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Mechanics velocity problem

  1. Oct 1, 2005 #1
    Hiya, I'm not entirely sure where I should put this question, but as it isn't homework I thought this might be the best place for it.

    Anyways, I've been banging my head on this question for almost an hour now, and I've gotten absolutely nowhere.

    The question is that there's a chain hanging off the edge of a table with dynamic coefficient of friction of 0.1, where 1/5 is hanging off the edge and 4/5 is still on the table, and I need to find the velocity of the chain once it has completely left the table.

    What on earth do I do to solve this? I keep getting 3.92 ms^-1, but the answer should be 2.63ms^-1...

    Just some guy.
  2. jcsd
  3. Oct 1, 2005 #2


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    What DE's (differential equations) did you come up with?

    I just did a quick calc and got 2.963 m/s assumming a one meter total chain length (you didn't specify the chain length, I dont think it's invarient of this).

    BTW, with this type of problem you also need to make certain assumptions about the chains initial arrangment on the table. In my above calculation I've assumed that the chain is initially fully out-streched on the table, perpendicular to the edge and with no loose links. The opposite extreme of this is the case where all the links are bunched up on the edge of the table and can fall without any appeciable motion of the remaining links required, that would actually make it a very different problem.
  4. Oct 1, 2005 #3
    ok, well I haven't properly done differential equations in my pure maths classes, nor modelled anything like this in my mechanics classes (only string/pulley systems where the mass over the edge isn't changing), so this may look a little daft!

    I started from the equation used where the system consists of two masses (one on the table, one over the edge) which don't change, which gives g(m1) - 0.1g(m2) = (m1+m2)a, where 0.1 = mu, m1 = mass over the edge and m2 = mass on the table. If the masses are changing with time and m1+m2 = 1 (as they're the same object) this (might?) give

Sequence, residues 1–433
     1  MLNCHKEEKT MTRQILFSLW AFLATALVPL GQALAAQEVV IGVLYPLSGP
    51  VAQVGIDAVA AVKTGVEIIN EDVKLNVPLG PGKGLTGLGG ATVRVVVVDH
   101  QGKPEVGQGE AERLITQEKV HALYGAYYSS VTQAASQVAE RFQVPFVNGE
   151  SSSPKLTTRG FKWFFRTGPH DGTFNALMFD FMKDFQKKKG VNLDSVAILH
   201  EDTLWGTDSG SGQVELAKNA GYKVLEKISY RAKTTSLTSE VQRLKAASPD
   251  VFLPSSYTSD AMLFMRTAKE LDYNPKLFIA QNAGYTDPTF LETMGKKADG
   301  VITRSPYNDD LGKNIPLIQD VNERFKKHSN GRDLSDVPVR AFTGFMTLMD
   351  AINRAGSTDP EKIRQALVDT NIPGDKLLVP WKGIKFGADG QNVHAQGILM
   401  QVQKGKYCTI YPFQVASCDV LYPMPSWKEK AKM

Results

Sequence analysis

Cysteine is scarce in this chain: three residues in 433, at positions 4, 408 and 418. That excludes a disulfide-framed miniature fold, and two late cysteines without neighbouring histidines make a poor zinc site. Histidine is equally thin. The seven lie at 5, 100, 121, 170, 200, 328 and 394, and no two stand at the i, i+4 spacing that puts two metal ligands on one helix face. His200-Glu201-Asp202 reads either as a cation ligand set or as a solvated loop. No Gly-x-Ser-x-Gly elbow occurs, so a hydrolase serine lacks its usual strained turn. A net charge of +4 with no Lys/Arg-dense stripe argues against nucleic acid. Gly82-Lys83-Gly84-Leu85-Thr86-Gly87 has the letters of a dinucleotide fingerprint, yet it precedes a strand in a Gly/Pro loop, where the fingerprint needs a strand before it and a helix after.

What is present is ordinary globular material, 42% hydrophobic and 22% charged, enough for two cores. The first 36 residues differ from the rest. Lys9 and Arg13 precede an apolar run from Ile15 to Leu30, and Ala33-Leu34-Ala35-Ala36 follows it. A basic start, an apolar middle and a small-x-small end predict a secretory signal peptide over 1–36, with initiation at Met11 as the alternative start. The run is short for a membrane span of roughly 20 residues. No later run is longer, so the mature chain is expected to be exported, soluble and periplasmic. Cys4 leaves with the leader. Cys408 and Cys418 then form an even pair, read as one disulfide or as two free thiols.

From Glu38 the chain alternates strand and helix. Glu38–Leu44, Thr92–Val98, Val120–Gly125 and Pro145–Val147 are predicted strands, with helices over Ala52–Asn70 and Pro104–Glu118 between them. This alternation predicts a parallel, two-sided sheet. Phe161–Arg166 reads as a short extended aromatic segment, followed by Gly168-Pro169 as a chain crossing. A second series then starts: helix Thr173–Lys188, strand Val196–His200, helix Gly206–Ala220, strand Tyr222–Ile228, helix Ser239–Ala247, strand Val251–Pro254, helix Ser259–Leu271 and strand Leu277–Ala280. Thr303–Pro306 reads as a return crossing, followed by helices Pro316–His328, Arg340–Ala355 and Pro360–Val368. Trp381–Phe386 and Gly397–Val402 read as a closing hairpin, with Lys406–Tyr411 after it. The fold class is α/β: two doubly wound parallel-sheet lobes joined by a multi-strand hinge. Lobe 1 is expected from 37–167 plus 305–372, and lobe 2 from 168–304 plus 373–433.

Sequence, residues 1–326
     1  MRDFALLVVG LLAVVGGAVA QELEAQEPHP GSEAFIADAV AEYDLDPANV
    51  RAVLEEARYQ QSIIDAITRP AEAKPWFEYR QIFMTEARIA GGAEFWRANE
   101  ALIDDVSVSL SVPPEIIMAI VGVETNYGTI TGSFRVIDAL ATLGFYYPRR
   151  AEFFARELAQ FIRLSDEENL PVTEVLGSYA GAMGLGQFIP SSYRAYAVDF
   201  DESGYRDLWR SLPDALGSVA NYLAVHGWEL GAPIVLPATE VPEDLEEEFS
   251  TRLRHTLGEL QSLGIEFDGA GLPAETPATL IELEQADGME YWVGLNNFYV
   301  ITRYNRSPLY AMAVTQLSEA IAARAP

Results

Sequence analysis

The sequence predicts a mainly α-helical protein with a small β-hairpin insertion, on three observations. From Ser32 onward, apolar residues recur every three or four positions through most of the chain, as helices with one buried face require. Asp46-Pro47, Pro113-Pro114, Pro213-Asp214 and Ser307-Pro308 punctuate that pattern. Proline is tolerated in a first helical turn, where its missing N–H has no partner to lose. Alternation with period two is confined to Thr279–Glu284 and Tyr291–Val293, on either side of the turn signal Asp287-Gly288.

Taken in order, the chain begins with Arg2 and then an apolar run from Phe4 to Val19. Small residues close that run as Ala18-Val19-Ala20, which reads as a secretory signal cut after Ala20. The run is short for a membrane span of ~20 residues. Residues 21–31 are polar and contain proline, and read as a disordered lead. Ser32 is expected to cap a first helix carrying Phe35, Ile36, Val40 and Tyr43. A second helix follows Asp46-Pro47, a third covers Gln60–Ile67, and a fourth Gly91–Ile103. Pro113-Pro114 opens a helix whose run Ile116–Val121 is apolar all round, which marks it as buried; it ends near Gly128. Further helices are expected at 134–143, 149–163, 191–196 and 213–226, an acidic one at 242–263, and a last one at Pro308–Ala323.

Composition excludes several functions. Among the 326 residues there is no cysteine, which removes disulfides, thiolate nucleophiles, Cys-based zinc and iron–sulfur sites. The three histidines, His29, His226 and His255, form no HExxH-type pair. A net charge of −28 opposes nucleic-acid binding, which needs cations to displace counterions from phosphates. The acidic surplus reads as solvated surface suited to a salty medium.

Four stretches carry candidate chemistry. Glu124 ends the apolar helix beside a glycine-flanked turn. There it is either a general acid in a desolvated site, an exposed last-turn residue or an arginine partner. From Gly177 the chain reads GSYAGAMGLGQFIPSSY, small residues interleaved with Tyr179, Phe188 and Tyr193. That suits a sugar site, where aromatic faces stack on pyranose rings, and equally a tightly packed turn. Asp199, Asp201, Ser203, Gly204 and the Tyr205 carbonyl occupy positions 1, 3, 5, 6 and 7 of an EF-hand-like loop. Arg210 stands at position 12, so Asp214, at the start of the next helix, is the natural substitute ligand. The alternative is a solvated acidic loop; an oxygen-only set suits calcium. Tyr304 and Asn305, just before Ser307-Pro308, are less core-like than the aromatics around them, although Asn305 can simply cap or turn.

g(dm/dt) - 0.1g(d(1-m)/dt) = dv/dt, where m is just the mass over the edge of the table.

    Have I already gotten way off track or is this vaguely correct?
  5. Oct 1, 2005 #4


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    Your first equation, g(m1) - 0.1g(m2) = (m1+m2)a, is correct, but you shouldn't just let the total mass be 1.
    You 2nd equation though, g(dm/dt) - 0.1g(d(1-m)/dt) = dv/dt is off. You have let m1 = dm/dt, and m2 = d(1-m)/dt, which are wrong.

    As, uart mentioned, you have to take the length of the chain into account. I did the calculation also and got the exact same value for acceleration using a length of 1 m.

    Let the total mass be M, say.

    You know that the masses on the table and over the table edge change with time, yes ?
    You might find it easier to treat the mass as a linear value, i.e. m = ρl.

    It might also be easier if you treated the lhs of your equation as forces acting on the masses, rather than the accelerations produced in them.
    Last edited: Oct 1, 2005
  6. Oct 1, 2005 #5
    um, what's pl? And since the masses on the table and over the table are proprtions of the same mass what's wrong with what I did? And what's lhs?

    Just some guy
  7. Oct 1, 2005 #6


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    I also get 2.963 m/s by using energy conservation. This requires working out how much work is done dragging the chain across the table and assuming the total length of the chain is 1 m.
  8. Oct 2, 2005 #7


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    I always forget to try doing it with energy consideration :mad:
    And it's usually much easier!
    But I found it a wee bit difficult in this case because of the changing masses/lengths, so I'll explain it the way I did it originally.

    Perhaps the other guys can show you how to do it easier the energy conservatrion way.

    The original eqn you had, "g(m1) - 0.1g(m2) = (m1 + m2)a" doesn't take into account that the lengths, and hence massses, will be changing.
    That is [tex]\rho l[/tex] where [tex]\rho[/tex], rho, is the linear density. So you could have [tex]M = \rho L[/tex], where [tex]M[/tex] is the total mass and [tex]L[/tex] is the total length of the cable.
    As the cable slips over the edge of the table, it moves a distance, x say, and its vertical length (and hence its "vertical" mass) will increase by an amount x. Similarly, the horizontal length ( and hence the "horizontal" mass) will decrease by an amount x.

    Let [tex]m_1 = \rho l_1[/tex] and [tex]m_2 = \rho l_2[/tex] with [tex] l_1 + l_2 = L[/tex] and [tex]M = \rho L[/tex]

    Now substitute for [tex]m_1[/tex] and [tex]m_2[/tex] into your original eqn giving,

    [tex]g(m_1) - 0.1g(m_2) = (m_1 + m_2)a[/tex]
    [tex]g(\rho l_1) - 0.1g(\rho l_2) = (\rho L)a[/tex]